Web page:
Duke Digest — October 7, 2014

In Today’s Issue:

  • Duke Elections Discussion Series: Part 3 Wrap-Up and What’s Next
  • Duke U Librarian Named to Presidential Commission
  • Duke U Experts Brief Congressional Staff on State of Ebola
  • Humanities Grant has Widespread Impact at Duke
  • New Faculty Profile: Making Sense of Race and Politics
  • Duke Joins Launch of Durham ‘Innovation District”


DUKE ELECTIONS DISCUSSION SERIES: PART 3 WRAP-UP AND WHAT’S NEXT

Weren’t able to join us for last week’s Duke election discussion series focused on education?  Read a recap of the conversation between Barbara Jentleson, assistant professor of the practice of education, Jenni Owen, lecturer in public policy and director of policy initiatives at the Center for Child & Family Policy, and Mike Lamb (T ’05), a former Department of Education official.

Join us this week for the next installment of the series, a conversation on the impact of international issues on the midterm elections featuring education experts at Duke and in DC.

Read More:
Education: A Complex but Universal Campaign Issue (governmentrelations.duke.edu)


DUKE UNIVERSITY LIBRARIAN NAMED TO PRESIDENTIAL COMMISSION

Naomi Nelson (T ’88), the Duke University assistant university librarian and director of the Rubenstein Library, was named to the National Historical Publications and Records Commission, President Obama announced Friday, October 3. Nelson’s current research interests center on managing and providing access to born-digital materials and on leveraging the new avenues for humanities research opened by digital formats. She has previously participated in a multi-institution NEH Digital Humanities Start-Up grant exploring approaches to collecting and managing born-digital literary materials.

Read more:
President Obama Announces More Key Administration Posts (www.whitehouse.gov)


DUKE U EXPERTS BRIEF CONGRESSIONAL STAFF ON STATE OF EBOLA

Last week two Duke University experts in global heath and infectious diseases shared updates on the current state of the Ebola epidemic with Congressional staff and other policymakers in Washington, D.C. via a conference call. Dr. Michael Merson, the founding director of the Duke University Global Health Institute, and Dr. Chris Woods, co-director of the Hubert-Yeargan Center for Global Health and Chief of Infectious Diseases and hospital epidemiologist for the Durham VA Medical Center, discussed the state of the disease globally, and addressed concerns over transportation and airline safety, as well as the military’s role in responding to the ongoing outbreak. The call took place after Tuesday’s announcement of the first case diagnosed within the United States.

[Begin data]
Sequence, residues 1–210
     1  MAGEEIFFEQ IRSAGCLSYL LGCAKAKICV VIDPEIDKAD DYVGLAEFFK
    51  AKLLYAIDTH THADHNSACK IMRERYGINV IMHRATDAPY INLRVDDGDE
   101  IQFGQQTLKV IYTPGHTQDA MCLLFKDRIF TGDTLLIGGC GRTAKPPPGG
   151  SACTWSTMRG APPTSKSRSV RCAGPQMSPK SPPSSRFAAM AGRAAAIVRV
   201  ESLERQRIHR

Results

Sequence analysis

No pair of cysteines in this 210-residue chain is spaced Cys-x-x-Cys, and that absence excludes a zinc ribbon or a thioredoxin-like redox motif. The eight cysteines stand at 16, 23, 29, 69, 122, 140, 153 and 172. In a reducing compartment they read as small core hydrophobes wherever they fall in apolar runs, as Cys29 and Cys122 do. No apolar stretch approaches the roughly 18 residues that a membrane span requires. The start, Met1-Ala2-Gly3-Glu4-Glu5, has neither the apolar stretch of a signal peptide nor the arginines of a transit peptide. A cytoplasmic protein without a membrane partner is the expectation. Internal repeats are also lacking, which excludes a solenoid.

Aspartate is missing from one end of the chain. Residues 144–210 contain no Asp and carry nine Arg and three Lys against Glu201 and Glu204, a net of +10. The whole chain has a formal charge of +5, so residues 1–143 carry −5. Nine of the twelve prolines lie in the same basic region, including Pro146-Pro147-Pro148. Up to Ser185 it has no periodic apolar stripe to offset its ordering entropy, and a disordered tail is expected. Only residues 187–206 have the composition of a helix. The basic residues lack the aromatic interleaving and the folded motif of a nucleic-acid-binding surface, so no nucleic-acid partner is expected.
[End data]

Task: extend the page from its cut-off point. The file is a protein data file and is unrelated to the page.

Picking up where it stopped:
Interested in receiving notifications for future conference calls with Duke University experts? Please email landy.elliott@duke.edu to receive future announcements.

Read More:
Ebola resource page (Global Health Institute)


HUMANITIES GRANT HAS WIDESPREAD IMPACT AT DUKE

Now in the fourth year of a five-year, $6 million grant from the Andrew W. Mellon Foundation, Humanities Writ Large has become a source of seed funding for dozens of projects, courses, seminars and other academic exercises that professors and students might not otherwise be able to take on. The breadth and depth of the initiative’s reach is impressive: Thus far, it has underwritten more than 40 new courses, 18 visiting fellows and myriad lab projects, class trips and other ventures that faculty members simply wouldn’t otherwise have the funds for.

To learn more about the campaign and specific examples of the HWL in action, check out this article from Duke Today.


NEW FACULTY PROFILE: MAKING SENSE OF RACE AND POLITICS

Ashley Jardina, newly appointed assistant professor of political science, had a case of research serendipity. Growing up in Richmond, Va., where racial conflict and politics have a long history, she knew she wanted to explore those subjects in college. But Jardinia had no idea that while during her studies, the United States would elect its first black president, the citizenry would become more diverse and the mostly white tea party would emerge as a powerful political movement.

Jardina’s research focuses on understanding racial attitudes in U.S. politics, and how groups form attitudes and identities that influence their political preferences. Her expertise on these questions brings new insights to Duke’s research of American politics, says Jack Knight, department chair.

“We think that students will be interested in what Ashley brings to classroom discussions of timely policy debates, including race relations and immigration, just to name two,” Knight says.

Read More:
Ashley Jardina: Making Sense of Race and Politics (DukeToday)


DUKE JOINS LAUNCH OF DURHAM ‘INNOVATION DISTRICT’

Duke researchers and administrators joined Durham community members earlier this week to launch the Durham Innovation District, or Durham.ID, a major development project that seeks to create a vibrant neighborhood of research space, residences and commercial activity. Durham.ID will bring together university scientists with an array of entrepreneurs and companies, especially in the life sciences.

The launch took place at Duke’s newest biomedical research facility, the Carmichael building, a former tobacco warehouse that has been renovated for the Duke Molecular Physiology Institute (DMPI), whose researchers are using new techniques to study diabetes, obesity and other chronic metabolic disorders. Duke researchers there provide “a new model of collaborative science” that brings together “all aspects of players to enable us to address a range of chronic illnesses,” said Duke Provost Sally Kornbluth.

Read More:
Duke Joins Launch of Durham ‘Innovation District’ (DukeToday)